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Sled Dog Races

Sled dog racing can be a great spectator sport. However, if you are cold you will not be able to enjoy your day. Dress warmly so that you can enjoy a full day’s excitement at the races. Ski clothing is the most appropriate and comfortable apparel for viewing a race. Most important is your footwear. Warm, comfortable boots can be the difference between fun and misery. Even plastic rain boots over a pair of plain walking shoes prove more successful than the thin, leaky footwear often sold as” great for snow fun”.

Its best not to bring your dog or pets. If you do, place it in or by your vehicle, well away from the dogs and the race. A sled dog driver handling many dogs can’t be held liable for the safety of your animals and races have been lost because of pets bolting onto the trail or in front of a team.

Sled dogs are on a high quality precisely balanced feeding program. For that reason, you should’nt offer dog treats or food to the dogs. Even small “extras” could unbalance their diets.

Always ask the driver before petting sled dogs. They are trained racing dogs, besides pets. Although most of them are extremely friendly, they have an important job to do and it’s bet not to distract them. Sometimes their friendliness is submerged in the excitement and anticipation of the race to come. Naturally, if a dog avoids you or shows nervousness this is not the time to attempt to form an alliance.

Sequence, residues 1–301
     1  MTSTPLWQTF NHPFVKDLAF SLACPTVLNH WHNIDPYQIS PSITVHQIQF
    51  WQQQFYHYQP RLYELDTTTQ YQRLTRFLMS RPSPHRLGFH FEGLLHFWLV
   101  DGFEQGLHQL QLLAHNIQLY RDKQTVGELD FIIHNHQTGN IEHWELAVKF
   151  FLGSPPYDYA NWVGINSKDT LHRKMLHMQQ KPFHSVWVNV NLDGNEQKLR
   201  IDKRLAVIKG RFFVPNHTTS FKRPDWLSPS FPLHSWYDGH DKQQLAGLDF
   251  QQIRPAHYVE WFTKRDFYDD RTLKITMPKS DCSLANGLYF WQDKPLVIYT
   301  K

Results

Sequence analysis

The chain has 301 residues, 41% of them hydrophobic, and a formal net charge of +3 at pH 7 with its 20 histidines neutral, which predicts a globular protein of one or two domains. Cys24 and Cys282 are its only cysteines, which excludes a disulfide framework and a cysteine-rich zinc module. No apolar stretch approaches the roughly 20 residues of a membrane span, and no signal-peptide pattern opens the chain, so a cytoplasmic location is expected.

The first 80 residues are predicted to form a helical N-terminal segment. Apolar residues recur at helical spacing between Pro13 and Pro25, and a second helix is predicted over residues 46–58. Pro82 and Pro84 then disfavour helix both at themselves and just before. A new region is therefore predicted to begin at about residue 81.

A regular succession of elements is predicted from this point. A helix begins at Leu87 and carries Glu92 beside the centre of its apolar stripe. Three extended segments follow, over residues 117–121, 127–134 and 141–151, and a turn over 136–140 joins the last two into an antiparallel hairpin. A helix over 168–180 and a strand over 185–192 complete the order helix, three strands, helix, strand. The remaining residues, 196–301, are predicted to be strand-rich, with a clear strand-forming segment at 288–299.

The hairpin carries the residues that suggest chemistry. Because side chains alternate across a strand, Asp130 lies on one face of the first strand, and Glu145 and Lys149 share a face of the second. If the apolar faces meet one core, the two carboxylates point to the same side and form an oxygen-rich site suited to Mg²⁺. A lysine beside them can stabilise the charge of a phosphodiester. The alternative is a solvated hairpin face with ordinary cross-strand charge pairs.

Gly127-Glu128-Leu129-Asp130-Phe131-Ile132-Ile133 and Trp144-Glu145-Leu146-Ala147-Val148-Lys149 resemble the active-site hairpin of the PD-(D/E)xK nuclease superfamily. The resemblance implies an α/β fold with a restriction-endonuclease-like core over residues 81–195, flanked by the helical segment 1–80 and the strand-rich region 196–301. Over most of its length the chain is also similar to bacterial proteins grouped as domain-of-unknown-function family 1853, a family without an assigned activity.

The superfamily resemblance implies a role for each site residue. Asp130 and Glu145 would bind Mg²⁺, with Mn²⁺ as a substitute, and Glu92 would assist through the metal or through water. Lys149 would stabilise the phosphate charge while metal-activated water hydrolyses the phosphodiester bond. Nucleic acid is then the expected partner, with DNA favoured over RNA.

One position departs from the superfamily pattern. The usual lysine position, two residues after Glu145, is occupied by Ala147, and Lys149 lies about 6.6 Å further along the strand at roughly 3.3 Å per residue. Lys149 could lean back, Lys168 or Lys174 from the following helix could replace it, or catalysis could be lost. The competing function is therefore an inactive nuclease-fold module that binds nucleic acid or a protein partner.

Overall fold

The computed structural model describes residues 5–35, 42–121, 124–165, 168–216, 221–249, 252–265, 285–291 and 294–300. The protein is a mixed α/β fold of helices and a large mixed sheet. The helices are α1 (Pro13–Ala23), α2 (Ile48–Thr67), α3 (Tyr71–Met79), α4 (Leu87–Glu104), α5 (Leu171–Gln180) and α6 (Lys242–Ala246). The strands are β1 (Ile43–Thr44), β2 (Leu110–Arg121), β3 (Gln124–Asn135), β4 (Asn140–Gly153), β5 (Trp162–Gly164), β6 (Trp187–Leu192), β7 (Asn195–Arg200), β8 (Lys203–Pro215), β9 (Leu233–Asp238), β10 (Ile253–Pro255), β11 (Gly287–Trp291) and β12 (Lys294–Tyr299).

Dog racers don’t mind questions and most of them will appreciate your interest. Just don’t expect a driver to be too informative when he has two minutes to harness and hook up six dogs! Please wait until he has returned from his run and taken care of his dogs to ask questions.

Please keep your children close by. Sled dogs that are excited and ready to race may jump up and it would be terrible to have anyone get injured. Remember, there are many things lying around to trip over such as ganglines, harnesses and gigs. Lines connecting the team and chains attached to tied-out dogs can be as dangerous as an actual bite or knock-down. Please be careful and supervise your children closely.

Sled dogs have been bred to get along with each other and with man. Please don’t tell your kids “they’re mean”, as we have heard some parents say to keep the kids clear from the racing teams. It’s better to say “Look out… you’re in the way” and keep the children at a safe distance.

Sled dog races are great places to take pictures. Photographers should make sure that their activities will not startle the dogs or interfere with a team’s progress. Sudden moves towards or away from a trail can cause a team to bolt, so pick a position and hold it until all teams in your area have passed your post. If you are using a Polaroid, remember that the chemicals used in the film are poisonous to the dogs. Use flash bulbs with discretion, and PLEASE DO NOT LITTER THE RACE GROUNDS!!!

Finally, pick a team to cheer for!!! It makes the race a lot more interesting and the drivers appreciate your support.